HomedotMagisExamenDiscover Unwanted Sprouts through the Examen

Discover Unwanted Sprouts through the Examen

plant sproutingIn the spring, we plant seeds, but we also notice all kinds of plants sprouting without any help from us. Right now, we have lettuce coming up in a patch of the backyard close to where the lettuce container plant sat last year. Some of the lettuce went to seed and fell into the ground, and we have small bright green leaves now, popping up with the regular grass. I don’t mind lettuce on the lawn, but I do mind certain weeds in the flowerbed or space where the vegetables need their growing room.

Today I ask myself: What is sprouting in my life, and is it helpful or not? The best time to weed is when the plants are young and the roots haven’t grown too deep.

Have I developed a habit lately of talking about a coworker who irritates me? This is especially easy if he irritates other colleagues as well—very easy to begin talking about that irritating person with the small club of people he’s angered lately. As I review my day at work, can I look closely at the words that have come out of my mouth? Am I willing to be honest and identify my own gossip and backbiting?

All kinds of activities sprout when we’re not paying attention:

  • Ingratitude
  • Judgment of others
  • The impulse to rush around in a half-panic
  • Worrying over matters unworthy of all that energy
  • Eating for comfort
  • Looking for distractions rather than facing work or relationships or problems

One of the simplest ways to discover the unwanted “sprouts” in your life is to do the daily Examen—a prayer St. Ignatius devised to help us review the day.

  • Ask the Holy Spirit to guide your thoughts and your memory as you review what you have said and done today.
  • Notice and give thanks for all the graces—where God was present.
  • Acknowledge and ask forgiveness for your shortcomings, whether outright sins or less-than-healthy responses to what was happening.
  • Ask for the help you will need to move forward.

Pray the Examen this week to look for unwanted habits that are popping up in your life.

Vinita Hampton Wright
Vinita Hampton Wrighthttp://www.loyolapress.com/authors/vinita-hampton-wright
Vinita Hampton Wright edited books for 32 years, retiring in 2021. She has written various fiction and non-fiction books, including the novel Dwelling Places and spirituality books Days of Deepening Friendship, The Art of Spiritual Writing, Small Simple Ways: An Ignatian Daybook for Healthy Spiritual Living, and, most recently, Set the World on Fire: A 4-Week Personal Retreat with the Female Doctors of the Church. Vinita is a spiritual director and continues to facilitate retreats and write fiction and nonfiction. She lives with her husband, two dogs, and a cat in Springdale, Arkansas.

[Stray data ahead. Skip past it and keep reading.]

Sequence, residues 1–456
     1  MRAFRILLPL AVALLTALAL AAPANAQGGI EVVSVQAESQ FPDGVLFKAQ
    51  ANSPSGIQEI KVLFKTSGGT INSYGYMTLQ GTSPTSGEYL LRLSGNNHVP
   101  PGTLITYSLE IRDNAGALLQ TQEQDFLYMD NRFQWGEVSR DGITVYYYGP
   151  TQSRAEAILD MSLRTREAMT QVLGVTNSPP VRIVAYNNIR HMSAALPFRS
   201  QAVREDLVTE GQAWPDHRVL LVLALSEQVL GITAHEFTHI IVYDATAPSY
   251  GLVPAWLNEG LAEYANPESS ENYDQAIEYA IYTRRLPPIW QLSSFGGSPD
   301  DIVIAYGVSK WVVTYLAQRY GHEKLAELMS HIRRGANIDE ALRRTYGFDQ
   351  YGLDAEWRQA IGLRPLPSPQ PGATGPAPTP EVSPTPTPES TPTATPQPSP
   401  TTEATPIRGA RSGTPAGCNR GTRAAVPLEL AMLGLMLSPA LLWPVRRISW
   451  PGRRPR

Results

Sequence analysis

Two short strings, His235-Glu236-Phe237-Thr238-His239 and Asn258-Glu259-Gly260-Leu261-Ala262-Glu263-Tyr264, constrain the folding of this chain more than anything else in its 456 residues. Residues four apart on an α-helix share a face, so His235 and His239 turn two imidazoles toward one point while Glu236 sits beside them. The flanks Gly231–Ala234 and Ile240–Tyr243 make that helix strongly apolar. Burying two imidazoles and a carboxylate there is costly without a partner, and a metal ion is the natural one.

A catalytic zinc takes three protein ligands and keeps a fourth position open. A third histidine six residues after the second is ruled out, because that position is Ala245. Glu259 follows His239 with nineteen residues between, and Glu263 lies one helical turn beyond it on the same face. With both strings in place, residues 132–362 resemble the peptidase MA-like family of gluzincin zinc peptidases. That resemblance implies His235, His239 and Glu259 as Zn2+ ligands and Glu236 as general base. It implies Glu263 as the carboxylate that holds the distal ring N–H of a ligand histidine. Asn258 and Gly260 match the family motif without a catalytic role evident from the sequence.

1. Thank you Vinita. I am new to the Examen and even though I am 82, I have always found ‘recollecting’ difficult when I looked back over a period of weeks. I see now that by daily ‘examination’ of events it is easier to spot the weeds and the flowers. It is never too late for any of us to gain from the insights of others which help us to deepen our relationship with God and to recognise his deep love for us on a personal level and to deepen our longing to love the Lord.. The Lenten email that I receive daily is a helpful aid to becoming more aware of God’s love for the world.

  2. I am so happy to be in touch with these Ignatian prayers and insights. Being a Christian Life Community member and struggling to keep this community alive in a parish setting, these inspirations help me to keep on track. Thank you so much

  3. Thank you for this post! My company is going through a bit of a financial and leadership crisis, and everyone is feeling anxious and uncertain. There has been a lot of blaming and gossip, and I’m afraid I have participated in it. There has to be a more productive way to deal with the situation, so I will be praying for the grace and wisdom to do better and show others a positive example also.

  4. Katy, we do these things so automatically–it’s part of what we’re working at when we “put on Christ” and grow spiritually. But sometimes it feels like one step forward and several more back. The fact that you can see what you did–even in hindsight–is evidence that you are still on the Way!

  5. I felt snubbed by a colleague this week and got the hump.
    Others noticed that she behaved less cordially towards me, so I did feel justified and yet and yet……………..
    I too, should have kept my thoughts to myself or just shared them with the Lord.

  6. So true! We’re planting something all the time but too often are unaware. Glad this post was helpful to you. Thanks for posting!

  7. Vinita, Your commentary about the irritating person and talking to others in a less than complimentary way about that person really hit home to me. We really never know who will suffer from our “righteousness” do we? My gossiping cause trouble for 5 people, one of whom was myself. I was awestruck at the way things went. And I think that is what happens to many of us when we just blather willy-nilly about things we really know nothing about. Circumstances are not always visible, are they? Most people do not display their innermost feelings, but we trample on them either maliciously or unknowingly. Thank you for bringing this up. Sometimes we sow weeds instead of flowers.


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